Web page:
Notes From the Dragon Wagon
by: Tristan Risk "Little Miss Risk"
There is a certain romance and occult to travelling on the road. Ever since we pulled up stakes in Vancouver, BC and travelled east through Canada, I have returned to my deep gypsy roots. I am not always able to to maintain certain luxuries we take for granted living in places with electrical capabilities, wifi and a flushing toilet, but these sojourns into road dogging it remind us of these things that others tend to not think twice about. Living out of our 'Dragon Wagon' has certainly refreshed my appreciation for such things, but at the same time, I have abandoned a lot of attachments I had to non-mobile living. I have certainly had some laughs at other people's expenses while on this tour, and on our own. Part of these come from having lived the life of five stars and not one star less, to living in a situation that has me counting coins for produce. It all amounts to laughs and a varied life experience that I felt was worthy of sharing. Part of that is some of the observations I've managed to make whilst on tour and from the comfort of the Dragon Wagon....
1. Everyone loves seeing you on the road, but not parked in front of their houses.
It's the oddest thing - While on the highway, we often gets folks honking their horns as they pull up alongside us, giving us the thumbs up or even high fives in gas stations. When people see our big black Dragon Wagon, they are inquisitive and want to know all about it and us - the weird circus weirdos spilling out while we buy coffee, gas, and empty our bladders. However, there is a strange climate that comes when we roll to a stop. We have had homeowners - of which who's homes we aren't even parked in front of of, ask us when we are moving along to being nearly chased out of a shared church parking lot. I'm happy that pitchforks and torches were not involved, but there was a moment when I was worried. The kicker came when we had it parked on a street near our home in Vancouver and had one snotty neighbour ask us how long it was sticking around. I won't lie - I took pleasure in telling them my address to point out that we had every legal right to park on the street. They took a step back as I took a step forward. I might be living in East Vancouver, but growing up in a good but tough family, I don't take shit from yuppies who don't know that some of us dig the upper crust, but also know how to roll with the crumbs.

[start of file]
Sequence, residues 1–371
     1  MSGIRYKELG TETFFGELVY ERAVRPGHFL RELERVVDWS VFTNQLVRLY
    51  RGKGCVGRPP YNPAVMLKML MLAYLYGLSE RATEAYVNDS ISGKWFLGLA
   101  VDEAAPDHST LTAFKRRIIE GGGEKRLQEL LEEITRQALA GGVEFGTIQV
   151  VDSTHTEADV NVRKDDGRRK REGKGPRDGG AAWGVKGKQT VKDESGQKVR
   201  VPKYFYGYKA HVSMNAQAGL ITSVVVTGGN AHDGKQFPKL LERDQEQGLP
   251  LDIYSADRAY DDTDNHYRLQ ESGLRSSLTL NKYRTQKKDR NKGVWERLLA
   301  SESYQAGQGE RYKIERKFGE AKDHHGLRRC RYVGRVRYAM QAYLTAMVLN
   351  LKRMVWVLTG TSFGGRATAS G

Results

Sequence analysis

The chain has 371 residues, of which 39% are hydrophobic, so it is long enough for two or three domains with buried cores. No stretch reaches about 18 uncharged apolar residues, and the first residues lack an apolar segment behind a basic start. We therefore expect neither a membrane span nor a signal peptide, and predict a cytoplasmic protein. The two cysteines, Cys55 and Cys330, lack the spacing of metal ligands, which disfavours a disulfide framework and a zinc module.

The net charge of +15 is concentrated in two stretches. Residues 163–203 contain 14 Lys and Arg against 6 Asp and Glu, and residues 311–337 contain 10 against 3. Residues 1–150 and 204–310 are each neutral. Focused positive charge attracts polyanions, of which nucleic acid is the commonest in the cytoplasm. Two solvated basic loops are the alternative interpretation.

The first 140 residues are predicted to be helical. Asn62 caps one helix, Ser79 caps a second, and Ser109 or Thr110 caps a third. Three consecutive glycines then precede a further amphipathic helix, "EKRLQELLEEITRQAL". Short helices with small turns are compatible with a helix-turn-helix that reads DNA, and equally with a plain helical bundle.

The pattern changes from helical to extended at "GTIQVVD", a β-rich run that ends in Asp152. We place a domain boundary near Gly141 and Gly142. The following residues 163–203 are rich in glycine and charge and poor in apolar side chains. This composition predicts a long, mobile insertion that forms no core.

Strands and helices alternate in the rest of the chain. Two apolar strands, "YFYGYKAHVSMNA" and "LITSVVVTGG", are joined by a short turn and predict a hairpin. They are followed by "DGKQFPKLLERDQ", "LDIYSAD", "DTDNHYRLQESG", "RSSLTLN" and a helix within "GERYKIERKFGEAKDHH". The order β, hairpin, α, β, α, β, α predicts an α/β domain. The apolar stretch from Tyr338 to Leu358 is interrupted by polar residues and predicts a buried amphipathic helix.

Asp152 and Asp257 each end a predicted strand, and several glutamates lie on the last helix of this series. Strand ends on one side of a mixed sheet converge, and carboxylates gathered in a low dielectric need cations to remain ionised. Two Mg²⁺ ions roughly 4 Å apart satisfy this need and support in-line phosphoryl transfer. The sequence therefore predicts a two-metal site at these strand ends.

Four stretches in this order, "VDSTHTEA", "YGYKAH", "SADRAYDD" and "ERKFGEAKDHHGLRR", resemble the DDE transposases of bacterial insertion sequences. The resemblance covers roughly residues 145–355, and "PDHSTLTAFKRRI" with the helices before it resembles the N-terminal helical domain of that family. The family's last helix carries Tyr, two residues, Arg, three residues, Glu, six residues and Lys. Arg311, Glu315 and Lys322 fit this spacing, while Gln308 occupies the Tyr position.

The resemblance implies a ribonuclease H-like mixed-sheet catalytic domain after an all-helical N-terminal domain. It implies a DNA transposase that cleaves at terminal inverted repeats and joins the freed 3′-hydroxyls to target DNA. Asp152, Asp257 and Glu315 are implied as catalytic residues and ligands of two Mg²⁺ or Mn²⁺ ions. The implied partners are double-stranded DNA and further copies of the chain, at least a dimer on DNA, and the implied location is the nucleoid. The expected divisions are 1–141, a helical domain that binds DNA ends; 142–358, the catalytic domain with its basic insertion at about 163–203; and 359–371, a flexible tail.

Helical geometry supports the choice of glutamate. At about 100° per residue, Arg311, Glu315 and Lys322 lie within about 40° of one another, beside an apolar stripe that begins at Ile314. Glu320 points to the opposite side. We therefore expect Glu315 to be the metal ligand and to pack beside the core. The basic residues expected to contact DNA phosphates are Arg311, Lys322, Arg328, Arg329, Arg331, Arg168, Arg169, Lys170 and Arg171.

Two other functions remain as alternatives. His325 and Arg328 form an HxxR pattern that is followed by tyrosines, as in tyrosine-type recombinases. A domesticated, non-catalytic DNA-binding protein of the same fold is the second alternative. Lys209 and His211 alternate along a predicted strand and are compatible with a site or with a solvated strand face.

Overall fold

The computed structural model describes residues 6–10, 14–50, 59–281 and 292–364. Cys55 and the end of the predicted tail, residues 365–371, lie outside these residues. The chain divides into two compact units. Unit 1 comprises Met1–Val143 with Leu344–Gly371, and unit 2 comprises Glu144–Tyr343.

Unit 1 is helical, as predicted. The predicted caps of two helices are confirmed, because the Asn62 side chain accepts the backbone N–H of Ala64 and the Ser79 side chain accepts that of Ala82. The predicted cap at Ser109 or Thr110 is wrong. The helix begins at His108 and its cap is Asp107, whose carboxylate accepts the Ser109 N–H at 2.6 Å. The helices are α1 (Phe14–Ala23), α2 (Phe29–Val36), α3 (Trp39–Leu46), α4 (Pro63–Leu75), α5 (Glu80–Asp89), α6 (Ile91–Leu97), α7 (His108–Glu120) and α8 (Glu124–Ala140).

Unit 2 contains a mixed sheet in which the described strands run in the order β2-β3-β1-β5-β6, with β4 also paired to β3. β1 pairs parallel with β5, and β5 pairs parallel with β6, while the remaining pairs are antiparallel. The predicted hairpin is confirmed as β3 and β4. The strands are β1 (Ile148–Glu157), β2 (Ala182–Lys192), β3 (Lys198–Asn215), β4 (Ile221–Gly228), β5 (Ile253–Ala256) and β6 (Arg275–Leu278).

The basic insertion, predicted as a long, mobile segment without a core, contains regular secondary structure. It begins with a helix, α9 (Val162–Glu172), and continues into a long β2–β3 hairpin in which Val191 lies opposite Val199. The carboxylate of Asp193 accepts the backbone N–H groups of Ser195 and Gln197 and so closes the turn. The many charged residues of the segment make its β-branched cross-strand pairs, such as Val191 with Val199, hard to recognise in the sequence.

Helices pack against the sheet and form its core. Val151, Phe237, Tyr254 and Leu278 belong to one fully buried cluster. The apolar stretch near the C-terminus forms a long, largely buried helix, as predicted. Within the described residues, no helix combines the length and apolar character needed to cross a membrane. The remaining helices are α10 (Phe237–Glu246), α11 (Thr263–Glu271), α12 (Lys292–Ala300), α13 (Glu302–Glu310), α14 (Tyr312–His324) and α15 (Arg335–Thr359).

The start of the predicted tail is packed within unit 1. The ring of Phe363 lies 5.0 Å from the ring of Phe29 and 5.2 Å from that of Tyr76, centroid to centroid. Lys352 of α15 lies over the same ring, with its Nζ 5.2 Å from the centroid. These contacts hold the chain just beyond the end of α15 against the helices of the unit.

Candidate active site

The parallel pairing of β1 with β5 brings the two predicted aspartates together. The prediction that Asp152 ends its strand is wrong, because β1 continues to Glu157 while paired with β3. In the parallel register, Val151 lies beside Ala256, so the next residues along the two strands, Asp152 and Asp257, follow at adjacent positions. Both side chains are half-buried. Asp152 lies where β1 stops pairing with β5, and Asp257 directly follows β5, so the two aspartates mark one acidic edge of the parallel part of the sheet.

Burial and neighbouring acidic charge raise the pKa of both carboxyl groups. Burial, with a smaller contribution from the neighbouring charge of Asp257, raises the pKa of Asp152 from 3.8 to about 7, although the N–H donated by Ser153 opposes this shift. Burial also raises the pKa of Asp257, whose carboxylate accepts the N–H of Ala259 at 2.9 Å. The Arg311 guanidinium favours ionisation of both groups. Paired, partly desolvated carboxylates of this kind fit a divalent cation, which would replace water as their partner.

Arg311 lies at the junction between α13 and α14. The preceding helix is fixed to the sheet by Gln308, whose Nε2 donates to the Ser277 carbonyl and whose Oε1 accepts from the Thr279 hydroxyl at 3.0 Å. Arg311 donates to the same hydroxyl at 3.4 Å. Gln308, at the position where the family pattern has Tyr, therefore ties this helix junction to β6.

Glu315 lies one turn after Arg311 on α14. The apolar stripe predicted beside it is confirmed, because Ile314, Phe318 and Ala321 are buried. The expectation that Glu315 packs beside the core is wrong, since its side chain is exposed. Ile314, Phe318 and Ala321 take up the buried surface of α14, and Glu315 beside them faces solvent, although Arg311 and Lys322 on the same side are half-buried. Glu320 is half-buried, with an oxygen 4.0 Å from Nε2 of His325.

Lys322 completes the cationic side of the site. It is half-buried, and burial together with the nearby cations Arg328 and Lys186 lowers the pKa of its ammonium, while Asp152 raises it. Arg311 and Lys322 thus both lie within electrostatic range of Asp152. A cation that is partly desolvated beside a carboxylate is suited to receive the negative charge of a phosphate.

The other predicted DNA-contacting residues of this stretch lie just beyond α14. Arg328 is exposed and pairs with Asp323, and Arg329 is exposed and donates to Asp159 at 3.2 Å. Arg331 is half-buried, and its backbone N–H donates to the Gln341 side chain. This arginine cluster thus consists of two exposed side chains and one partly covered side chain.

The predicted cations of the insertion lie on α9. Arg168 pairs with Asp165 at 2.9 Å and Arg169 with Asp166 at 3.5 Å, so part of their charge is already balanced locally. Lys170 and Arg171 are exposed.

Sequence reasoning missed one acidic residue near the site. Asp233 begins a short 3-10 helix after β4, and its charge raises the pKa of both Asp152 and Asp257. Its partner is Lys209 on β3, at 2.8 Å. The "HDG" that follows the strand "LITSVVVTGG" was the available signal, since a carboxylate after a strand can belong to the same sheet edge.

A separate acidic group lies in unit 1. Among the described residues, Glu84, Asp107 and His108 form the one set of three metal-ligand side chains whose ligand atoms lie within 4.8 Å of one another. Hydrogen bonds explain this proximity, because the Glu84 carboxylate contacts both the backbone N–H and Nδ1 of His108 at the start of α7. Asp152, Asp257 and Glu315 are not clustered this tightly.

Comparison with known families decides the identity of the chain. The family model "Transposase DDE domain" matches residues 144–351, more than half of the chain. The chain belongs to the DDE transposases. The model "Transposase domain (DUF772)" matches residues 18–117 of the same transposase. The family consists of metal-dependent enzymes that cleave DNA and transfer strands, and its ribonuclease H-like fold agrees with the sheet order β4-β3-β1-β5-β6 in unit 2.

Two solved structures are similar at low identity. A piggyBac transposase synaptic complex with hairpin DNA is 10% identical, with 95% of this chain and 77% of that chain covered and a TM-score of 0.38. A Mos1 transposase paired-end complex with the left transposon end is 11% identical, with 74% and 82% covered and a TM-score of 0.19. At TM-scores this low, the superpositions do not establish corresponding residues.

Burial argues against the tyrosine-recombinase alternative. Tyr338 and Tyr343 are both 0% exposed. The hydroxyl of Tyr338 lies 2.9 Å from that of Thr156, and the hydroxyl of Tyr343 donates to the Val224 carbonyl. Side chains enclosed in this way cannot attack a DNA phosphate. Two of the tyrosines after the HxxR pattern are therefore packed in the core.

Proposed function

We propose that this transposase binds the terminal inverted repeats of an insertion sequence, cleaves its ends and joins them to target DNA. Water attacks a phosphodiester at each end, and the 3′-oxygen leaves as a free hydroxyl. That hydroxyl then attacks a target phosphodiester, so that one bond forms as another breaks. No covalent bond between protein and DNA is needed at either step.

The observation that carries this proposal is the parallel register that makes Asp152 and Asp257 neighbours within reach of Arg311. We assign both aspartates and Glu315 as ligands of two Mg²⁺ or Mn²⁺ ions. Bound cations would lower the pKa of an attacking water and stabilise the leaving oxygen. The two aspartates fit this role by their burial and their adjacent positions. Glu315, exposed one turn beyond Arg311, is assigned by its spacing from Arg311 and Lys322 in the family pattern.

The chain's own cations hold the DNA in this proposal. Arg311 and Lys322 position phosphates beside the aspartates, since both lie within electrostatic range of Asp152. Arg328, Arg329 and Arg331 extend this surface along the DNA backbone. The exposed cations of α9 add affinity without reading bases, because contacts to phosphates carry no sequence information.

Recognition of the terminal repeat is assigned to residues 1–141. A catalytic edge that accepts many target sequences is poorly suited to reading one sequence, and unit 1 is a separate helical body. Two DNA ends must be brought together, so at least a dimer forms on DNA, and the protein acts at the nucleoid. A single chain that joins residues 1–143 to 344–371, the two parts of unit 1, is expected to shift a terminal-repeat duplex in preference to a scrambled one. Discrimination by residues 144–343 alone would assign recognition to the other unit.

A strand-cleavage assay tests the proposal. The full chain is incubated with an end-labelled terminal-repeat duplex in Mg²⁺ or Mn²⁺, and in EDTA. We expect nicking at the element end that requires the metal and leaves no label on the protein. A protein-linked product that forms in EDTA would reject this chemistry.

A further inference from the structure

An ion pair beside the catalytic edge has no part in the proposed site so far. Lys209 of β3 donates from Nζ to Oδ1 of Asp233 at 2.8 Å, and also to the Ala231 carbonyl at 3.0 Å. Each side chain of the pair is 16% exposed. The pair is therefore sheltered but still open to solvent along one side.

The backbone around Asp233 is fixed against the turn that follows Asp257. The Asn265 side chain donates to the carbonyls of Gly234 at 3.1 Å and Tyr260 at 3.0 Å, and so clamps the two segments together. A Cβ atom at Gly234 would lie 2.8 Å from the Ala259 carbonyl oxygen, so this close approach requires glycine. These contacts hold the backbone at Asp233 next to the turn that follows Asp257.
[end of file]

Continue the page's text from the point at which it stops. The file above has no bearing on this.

2. We are the Humans Of Walmart.
You know the site - the one that post photos of the colourful humans who populate Walmart dressed in inappropriate clothing. I've looked at it and laughed, because on the road, I'm a human skid mark at the best of times, and sometimes I need to feel better about myself. And yet, the universe loves to make me into a hypocrite. I have found myself in Walmart parking lots using their power to charge my devices, slinking into their washrooms to use their facilities and wash my dishes, and also (sigh) buying things. As much as I'd like to take the moral high ground for supporting them, I cannot deny that when one is road dogging it, every spare nickel counts, so the affordability trumps my ethics. Yes, I've bought cans of beans from them. Yes, I've camped in their parking lots. But with Canadian campsites being reserved by tourism companies for foreign wilderness enthusiasts who've more money than we do, as well as the ability to reserve months in advance, our options become more slender in the avenue of either parking in front of friend's homes who risk the wrath of their neighbours, or else in Walmart parking lots. I didn't choose the Walmart life - it was borne out of necessity. That said, we have made friends with people willing to sell us flat screen televisions from their trunks and retired RV enthusiasts, so no one can say it doesn't enrich one's social spectrum.